There’s not a large percentage of people who claim to have mastered personal finance. But—hopefully—those people will have mastered it by the time they retire. Actually, you should hope to master your finances well before you retire, or else you might not be able to retire at all.
If you want to enjoy your golden years without worrying about money, then you’ve got to save up enough money for retirement and you’ve also got to make your living expenses more manageable by paying down your debt. Of course, that’s all easier said than done. So let’s walk you through the necessary steps to master your personal finances before you retire.
Create the Right Blend of Savings Accounts
There are two main types of bank accounts: a checking account, which is for spending, and a savings account, which is for… well, saving. A lot of people make the mistake of using a single savings account to stash money for retirement, vacation, college funds, and rainy-day funds. But that’s not the best way to approach saving.
There are two problems with using a single savings account. First, it’s more difficult to figure out how much money you’ve actually saved for each of your saving items (“how much of my $10,000 is for retirement and how much is for my cruise next summer?”). Second, a standard savings account doesn’t yield a whole lot of interest. If your money is going to be sitting in the bank for years to come, you should have it in an account that generates higher interest.
Here’s how you could allocate your savings accounts:
- Standard Savings Account: Have a standard savings account for each of your “short-term” savings, like vacations, holiday spending, a mortgage down payment, or paying for material items.
- High-Yield Savings Account/CD: These accounts generate higher interest. Use this type of account to store a rainy-day fund or mortgage down payment you plan on making in ten years or longer.
- Retirement Accounts: Your business might offer a 401K retirement plan. You could also put retirement funds in an IRA account.
Develop a Passive Income
Your primary income is whatever income you earn from your day job(s). A passive income is money you earn on the side—which, ideally, you don’t have to put too many hours into each week. There are so many different ways to develop a passive income, but one of the best ways is to invest in the stock market. Stocks are at an all-time high, so there’s no better time to get started.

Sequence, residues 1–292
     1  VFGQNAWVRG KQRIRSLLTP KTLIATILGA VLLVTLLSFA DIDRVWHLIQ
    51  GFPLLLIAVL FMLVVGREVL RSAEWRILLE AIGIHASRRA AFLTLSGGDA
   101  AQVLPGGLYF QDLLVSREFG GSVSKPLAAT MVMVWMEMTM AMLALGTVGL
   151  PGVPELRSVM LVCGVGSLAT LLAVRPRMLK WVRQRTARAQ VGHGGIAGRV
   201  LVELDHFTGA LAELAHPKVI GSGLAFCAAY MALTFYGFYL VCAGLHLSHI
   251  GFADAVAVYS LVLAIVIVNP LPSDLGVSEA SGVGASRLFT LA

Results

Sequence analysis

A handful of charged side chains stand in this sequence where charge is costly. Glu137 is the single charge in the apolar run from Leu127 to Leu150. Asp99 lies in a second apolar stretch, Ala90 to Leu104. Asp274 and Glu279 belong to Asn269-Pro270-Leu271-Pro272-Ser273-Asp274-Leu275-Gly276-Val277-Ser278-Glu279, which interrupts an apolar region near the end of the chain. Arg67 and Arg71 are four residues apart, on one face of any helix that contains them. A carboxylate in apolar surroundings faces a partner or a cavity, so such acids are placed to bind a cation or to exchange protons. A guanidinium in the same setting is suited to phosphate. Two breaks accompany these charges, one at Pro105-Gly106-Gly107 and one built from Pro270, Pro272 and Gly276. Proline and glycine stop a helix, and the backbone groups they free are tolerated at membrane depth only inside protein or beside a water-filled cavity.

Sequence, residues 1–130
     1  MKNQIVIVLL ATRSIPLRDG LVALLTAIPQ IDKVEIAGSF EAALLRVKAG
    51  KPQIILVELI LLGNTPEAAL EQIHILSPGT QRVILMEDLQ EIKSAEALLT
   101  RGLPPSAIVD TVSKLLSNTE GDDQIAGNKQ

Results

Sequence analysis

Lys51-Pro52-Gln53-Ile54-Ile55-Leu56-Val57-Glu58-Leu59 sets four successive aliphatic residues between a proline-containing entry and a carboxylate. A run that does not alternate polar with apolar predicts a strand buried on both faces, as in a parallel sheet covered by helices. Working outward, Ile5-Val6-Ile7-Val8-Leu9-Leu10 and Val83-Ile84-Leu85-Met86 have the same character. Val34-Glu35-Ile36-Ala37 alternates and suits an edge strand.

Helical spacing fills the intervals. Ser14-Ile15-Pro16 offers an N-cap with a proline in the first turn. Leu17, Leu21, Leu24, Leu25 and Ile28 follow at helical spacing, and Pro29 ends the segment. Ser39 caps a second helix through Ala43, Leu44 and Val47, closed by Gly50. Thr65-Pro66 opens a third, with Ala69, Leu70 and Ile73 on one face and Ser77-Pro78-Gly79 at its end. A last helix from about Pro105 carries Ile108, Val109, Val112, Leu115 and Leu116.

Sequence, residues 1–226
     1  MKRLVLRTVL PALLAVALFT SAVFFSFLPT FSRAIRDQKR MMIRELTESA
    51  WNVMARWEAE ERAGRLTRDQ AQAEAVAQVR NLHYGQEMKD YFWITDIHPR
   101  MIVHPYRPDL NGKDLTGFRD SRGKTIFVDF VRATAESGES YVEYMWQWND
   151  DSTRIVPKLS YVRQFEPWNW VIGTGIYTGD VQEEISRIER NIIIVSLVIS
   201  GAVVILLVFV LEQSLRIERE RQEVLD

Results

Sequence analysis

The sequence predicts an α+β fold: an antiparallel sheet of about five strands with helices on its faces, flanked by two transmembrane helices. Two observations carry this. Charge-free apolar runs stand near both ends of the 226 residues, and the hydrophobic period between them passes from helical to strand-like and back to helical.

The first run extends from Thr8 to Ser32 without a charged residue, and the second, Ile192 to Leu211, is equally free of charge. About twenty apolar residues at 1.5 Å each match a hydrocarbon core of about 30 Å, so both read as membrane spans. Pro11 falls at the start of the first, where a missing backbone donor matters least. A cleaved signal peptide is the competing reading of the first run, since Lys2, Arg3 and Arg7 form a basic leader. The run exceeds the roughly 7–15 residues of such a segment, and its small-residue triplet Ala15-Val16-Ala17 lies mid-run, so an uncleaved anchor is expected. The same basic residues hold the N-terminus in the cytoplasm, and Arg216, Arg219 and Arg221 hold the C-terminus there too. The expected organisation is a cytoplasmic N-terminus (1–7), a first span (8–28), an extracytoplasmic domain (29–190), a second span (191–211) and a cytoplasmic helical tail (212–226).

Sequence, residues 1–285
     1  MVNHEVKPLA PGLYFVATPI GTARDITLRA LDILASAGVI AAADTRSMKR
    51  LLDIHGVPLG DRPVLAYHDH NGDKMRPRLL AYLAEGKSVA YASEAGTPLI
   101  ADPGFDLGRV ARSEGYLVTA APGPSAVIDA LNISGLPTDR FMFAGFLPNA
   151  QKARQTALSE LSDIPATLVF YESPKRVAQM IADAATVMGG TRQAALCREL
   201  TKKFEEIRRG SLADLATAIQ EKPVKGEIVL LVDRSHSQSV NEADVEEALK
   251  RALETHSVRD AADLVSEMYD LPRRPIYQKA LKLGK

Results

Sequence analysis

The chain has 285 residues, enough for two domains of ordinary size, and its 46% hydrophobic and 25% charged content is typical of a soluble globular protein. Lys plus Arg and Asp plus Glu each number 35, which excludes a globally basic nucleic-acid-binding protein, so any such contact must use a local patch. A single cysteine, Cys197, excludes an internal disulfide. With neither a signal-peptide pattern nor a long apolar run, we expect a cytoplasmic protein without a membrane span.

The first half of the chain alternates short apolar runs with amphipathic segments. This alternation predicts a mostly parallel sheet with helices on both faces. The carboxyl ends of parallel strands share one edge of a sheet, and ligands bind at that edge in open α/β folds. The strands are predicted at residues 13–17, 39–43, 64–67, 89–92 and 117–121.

When you own stock, you’ll receive small dividends because you technically own part of the company. Rather than spending these dividends, use them to buy more stock. The more stock that you buy, the more dividends you’ll receive over time. If you invest in the right companies, you may have a steady stream of income by the time you retire—no work required.
Invest in a Home
The most challenging cost for retirees is the cost of housing. You could have a lot more money in retirement if you paid off a home or condo before you retired—or, at the very least, get within a few years of paying it off. Most mortgages are paid over 30 year periods, so you might want to start looking into buying property if you plan on retiring within that time span.
A lot of people ask the question, “how much do I need to retire at 62?” The answer to that question is largely dependent on what your housing costs are going to be when you retire at 62. Even if you haven’t paid off your home by then, you could try and at least pay most of it off so you could benefit from a reverse mortgage—which could be a good option for retirees who have lots of equity in their property. Point is, you should start doing research on mortgages sooner rather than later (and be sure to pick a good realtor so you’ll get a great deal).
A common money myth is that only rich people are taught how to properly manage their finances. But the truth is, the best way to master personal finance is to master budgeting—and anyone can do that. Use a simple budgeting app to list your monthly expenses and income. For all the money you have left, figure out how to allocate it. Be sure to leave some extra money for:
- Savings and retirement contributions
- Rainy day funds
- Spending (because you deserve to do fun things with your money, and also because having a spending budget can prevent you from overspending)
Make it a habit to thoroughly review your budget each month. Just knowing what your budget is can help you be more disciplined when it comes to money management.
Pay Down Your Debt
Last, but not least, work on paying down your debt. Your monthly loan payments should be factored into your budget as your monthly expenses. But if you have any extra spending money, consider putting some extra cash into those accounts and try and pay them off faster. And, of course, be careful about credit card spending because it can put you into a real financial bind.
Wasn’t too hard, was it? Follow these tips and you’ll be the master of your finances before you know it.